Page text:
My name is Mia Bennett, and I am a PhD Candidate and National Science Foundation Graduate Research Fellow in the Department of Geography at the University of California, Los Angeles (UCLA). I am a political geographer with geospatial skills interested in transportation infrastructure and natural resource development in northern frontiers, namely the Arctic and Russian Far East. As news headlines declare the Arctic newly opened by climate change despite five centuries of extraction, I ask who is really benefiting from major development projects occurring in the region today.
I’ve done fieldwork on bridges both real and imagined in the Russian Far East and on a new highway to the Arctic Ocean in Canada’s Northwest Territories, and atop the melting Greenland Ice Sheet and inside air-conditioned offices in Singapore.
My research is supported by generous grants from the International Council for Canadian Studies, the UCLA College of Social Sciences, the American Geophysical Union’s Cryosphere Focus Group, the UCLA Canadian Studies Program, and the UCLA Urban Humanities Institute. I also collaborate with the Configurations of Remoteness (CORE) project at the University of Vienna.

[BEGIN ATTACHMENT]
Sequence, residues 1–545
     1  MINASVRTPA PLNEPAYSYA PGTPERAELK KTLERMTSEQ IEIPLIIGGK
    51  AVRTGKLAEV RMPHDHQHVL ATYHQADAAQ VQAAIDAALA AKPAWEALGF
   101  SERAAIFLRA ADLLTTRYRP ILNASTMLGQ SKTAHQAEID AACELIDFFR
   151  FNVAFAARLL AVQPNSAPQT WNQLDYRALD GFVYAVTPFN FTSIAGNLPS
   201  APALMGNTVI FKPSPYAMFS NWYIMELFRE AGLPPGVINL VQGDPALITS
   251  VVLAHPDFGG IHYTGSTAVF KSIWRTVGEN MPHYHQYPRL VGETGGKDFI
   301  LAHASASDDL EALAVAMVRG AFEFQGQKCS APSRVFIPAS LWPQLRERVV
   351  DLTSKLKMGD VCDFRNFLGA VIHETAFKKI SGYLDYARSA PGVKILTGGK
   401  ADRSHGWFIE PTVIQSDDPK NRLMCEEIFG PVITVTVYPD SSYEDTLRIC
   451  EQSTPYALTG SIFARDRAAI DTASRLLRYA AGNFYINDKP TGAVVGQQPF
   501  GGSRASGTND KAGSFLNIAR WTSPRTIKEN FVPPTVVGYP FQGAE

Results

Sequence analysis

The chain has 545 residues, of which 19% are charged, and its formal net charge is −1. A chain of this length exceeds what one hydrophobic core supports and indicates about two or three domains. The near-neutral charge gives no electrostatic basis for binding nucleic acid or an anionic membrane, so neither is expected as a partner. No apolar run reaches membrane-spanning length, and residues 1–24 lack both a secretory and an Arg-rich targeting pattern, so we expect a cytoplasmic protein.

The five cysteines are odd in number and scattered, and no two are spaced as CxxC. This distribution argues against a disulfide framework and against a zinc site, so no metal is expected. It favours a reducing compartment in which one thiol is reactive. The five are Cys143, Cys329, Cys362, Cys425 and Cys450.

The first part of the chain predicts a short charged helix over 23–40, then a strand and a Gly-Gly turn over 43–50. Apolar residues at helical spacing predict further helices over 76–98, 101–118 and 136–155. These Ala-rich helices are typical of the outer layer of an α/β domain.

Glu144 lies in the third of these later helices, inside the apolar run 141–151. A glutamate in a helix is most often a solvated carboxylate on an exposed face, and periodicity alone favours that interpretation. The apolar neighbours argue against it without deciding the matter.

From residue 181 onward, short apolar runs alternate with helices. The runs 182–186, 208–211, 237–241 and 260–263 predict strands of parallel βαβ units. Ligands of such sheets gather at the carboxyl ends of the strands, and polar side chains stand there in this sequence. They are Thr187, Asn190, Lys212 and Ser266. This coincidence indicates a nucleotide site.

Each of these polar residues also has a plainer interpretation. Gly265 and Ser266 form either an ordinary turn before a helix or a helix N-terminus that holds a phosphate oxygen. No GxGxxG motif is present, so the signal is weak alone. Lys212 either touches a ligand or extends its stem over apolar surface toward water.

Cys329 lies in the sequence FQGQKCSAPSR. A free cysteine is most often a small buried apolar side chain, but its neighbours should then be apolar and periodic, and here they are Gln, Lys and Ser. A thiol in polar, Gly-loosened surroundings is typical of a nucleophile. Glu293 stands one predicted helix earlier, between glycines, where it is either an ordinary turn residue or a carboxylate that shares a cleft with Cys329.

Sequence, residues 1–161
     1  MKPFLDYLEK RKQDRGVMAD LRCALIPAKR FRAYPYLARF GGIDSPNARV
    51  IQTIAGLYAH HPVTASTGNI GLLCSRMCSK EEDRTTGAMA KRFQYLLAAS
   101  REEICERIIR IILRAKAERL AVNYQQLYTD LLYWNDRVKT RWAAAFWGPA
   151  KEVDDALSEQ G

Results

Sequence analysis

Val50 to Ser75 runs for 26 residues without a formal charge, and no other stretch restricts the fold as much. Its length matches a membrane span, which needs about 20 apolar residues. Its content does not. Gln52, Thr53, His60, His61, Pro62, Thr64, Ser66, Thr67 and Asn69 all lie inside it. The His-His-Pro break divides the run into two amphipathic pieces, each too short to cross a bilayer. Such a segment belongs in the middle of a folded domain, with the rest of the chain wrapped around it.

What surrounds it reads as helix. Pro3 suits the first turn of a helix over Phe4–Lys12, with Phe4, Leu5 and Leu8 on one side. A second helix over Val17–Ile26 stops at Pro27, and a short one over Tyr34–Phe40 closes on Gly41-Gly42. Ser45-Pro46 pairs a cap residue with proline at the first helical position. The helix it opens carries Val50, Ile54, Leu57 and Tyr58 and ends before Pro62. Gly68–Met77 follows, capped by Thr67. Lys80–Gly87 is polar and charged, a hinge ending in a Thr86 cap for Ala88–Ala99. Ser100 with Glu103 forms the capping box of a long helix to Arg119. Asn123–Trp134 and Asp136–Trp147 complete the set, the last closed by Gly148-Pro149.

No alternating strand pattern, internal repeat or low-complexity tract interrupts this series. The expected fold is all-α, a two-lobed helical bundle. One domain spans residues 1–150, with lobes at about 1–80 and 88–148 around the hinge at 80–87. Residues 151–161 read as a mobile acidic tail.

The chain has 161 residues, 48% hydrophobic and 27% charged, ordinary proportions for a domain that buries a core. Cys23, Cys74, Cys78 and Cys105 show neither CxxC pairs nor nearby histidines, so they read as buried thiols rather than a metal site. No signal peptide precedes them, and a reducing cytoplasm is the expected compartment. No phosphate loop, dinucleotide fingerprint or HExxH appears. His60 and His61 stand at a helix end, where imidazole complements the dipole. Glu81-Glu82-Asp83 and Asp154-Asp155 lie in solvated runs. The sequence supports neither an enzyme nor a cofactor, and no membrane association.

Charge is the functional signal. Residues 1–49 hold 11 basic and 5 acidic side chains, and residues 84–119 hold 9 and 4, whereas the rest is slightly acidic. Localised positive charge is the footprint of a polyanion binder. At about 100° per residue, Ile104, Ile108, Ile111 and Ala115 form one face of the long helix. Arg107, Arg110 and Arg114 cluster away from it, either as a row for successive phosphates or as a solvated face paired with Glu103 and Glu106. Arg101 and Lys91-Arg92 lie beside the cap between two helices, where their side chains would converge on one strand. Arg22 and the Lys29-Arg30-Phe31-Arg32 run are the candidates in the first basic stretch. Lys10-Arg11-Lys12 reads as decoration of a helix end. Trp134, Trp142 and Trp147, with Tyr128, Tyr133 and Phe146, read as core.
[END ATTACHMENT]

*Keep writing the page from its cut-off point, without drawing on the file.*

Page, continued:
I received an MPhil in Polar Studies from the University of Cambridge’s Scott Polar Research Institute with the support of a Gates Scholarship. My masters research investigated the extent of an Asian-Arctic region, focusing on the northern activities of China, South Korea, and Japan.
My academic publications are listed in Google Scholar and are available to read on academia.edu and ResearchGate. I post occasional 140-character thoughts on Twitter, square-sized photographs on Instagram, and updates on Facebook. Email me at mbennett7 at ucla dot edu, and I’ll respond to you in English, Russian, French, or Swedish.